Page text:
Constituent and Legislative Acts
Law (from the late Old English lagu of probable North Germanic origin) in politics and jurisprudence, is a set of rules or norms of conduct which mandate, proscribe or permit specified relationships among people and organizations, intended to provide methods for ensuring the impartial treatment of such people, and provide punishments of/for those who do not follow the established rules of conduct.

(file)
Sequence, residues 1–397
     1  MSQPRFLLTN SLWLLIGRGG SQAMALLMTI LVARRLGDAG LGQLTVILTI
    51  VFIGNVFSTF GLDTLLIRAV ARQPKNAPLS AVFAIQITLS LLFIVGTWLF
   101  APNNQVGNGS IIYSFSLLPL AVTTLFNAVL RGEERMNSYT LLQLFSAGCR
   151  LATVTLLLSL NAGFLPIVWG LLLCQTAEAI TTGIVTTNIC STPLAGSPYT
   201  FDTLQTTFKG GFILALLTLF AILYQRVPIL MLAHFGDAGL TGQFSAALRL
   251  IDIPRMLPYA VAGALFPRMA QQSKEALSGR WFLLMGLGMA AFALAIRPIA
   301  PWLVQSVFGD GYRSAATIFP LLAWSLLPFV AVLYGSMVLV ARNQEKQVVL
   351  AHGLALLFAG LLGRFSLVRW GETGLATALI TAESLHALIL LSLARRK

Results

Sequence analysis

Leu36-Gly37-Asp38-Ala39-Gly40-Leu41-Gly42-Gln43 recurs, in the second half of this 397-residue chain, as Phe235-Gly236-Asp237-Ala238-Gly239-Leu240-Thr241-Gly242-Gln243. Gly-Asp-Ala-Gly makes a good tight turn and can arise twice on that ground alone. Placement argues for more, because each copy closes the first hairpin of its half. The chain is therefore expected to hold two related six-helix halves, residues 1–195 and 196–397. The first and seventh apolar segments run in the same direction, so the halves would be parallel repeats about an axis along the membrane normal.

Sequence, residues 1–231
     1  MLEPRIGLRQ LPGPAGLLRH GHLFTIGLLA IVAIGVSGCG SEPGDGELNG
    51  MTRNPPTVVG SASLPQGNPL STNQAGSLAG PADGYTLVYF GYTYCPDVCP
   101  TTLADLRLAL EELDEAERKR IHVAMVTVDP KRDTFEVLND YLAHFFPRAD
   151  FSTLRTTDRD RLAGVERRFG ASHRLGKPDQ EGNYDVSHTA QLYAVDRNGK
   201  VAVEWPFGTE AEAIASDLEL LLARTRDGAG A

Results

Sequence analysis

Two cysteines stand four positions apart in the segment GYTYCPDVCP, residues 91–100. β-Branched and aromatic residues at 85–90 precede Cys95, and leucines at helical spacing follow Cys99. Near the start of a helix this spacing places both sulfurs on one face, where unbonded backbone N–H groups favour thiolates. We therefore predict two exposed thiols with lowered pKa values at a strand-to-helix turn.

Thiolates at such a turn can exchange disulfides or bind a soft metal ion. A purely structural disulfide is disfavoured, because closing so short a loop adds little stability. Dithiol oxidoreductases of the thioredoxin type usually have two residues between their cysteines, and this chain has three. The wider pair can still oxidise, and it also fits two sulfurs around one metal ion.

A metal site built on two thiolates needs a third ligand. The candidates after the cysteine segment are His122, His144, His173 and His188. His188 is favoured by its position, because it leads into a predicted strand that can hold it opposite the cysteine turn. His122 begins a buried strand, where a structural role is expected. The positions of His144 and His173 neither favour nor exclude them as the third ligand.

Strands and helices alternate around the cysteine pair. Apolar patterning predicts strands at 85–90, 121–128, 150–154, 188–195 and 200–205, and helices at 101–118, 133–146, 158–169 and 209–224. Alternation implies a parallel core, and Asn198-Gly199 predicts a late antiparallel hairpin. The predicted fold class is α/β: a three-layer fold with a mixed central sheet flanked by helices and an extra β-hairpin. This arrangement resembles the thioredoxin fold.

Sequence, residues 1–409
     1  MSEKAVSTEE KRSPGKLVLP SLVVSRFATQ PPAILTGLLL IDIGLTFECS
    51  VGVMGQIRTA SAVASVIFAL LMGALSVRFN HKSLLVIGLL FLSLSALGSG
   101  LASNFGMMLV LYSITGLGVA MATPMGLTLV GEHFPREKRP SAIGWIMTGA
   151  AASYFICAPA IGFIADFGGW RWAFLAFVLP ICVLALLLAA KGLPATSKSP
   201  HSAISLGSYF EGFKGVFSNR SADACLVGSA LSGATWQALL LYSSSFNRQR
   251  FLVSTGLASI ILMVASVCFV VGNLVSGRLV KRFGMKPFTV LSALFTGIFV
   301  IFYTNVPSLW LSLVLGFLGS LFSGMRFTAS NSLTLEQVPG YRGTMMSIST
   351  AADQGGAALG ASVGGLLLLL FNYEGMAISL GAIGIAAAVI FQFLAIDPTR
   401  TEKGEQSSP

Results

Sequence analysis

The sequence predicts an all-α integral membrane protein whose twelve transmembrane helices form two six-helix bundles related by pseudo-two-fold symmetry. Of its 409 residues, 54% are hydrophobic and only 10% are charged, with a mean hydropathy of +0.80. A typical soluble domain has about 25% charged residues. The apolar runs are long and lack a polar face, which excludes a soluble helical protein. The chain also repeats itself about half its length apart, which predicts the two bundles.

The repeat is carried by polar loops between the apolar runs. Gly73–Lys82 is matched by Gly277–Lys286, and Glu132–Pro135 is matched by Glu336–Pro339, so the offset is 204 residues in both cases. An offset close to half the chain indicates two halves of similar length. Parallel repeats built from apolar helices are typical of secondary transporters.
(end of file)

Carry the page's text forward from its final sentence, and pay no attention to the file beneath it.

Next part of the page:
Legal systems around the world elaborate legal rights and responsibilities in different ways. Laws and legal systems reflect the society and culture out of which they arise. A basic distinction is made between civil law jurisdictions and systems using common law. Some countries base their law on religious texts, while in others traditional customary law or Socialist legal theory are strong influences. Scholars investigate the nature of law through many perspectives, including legal history and philosophy, or social sciences such as economics and sociology. The study of law raises important questions about equality, fairness and justice, which are not always simple. “In its majestic equality”, said the author Anatole France in 1894, “the law forbids rich and poor alike to sleep under bridges, beg in the streets and steal loaves of bread.” The most important institutions for law are the judiciary, the legislature, the executive, its bureaucracy, the military and police, the legal profession and civil society.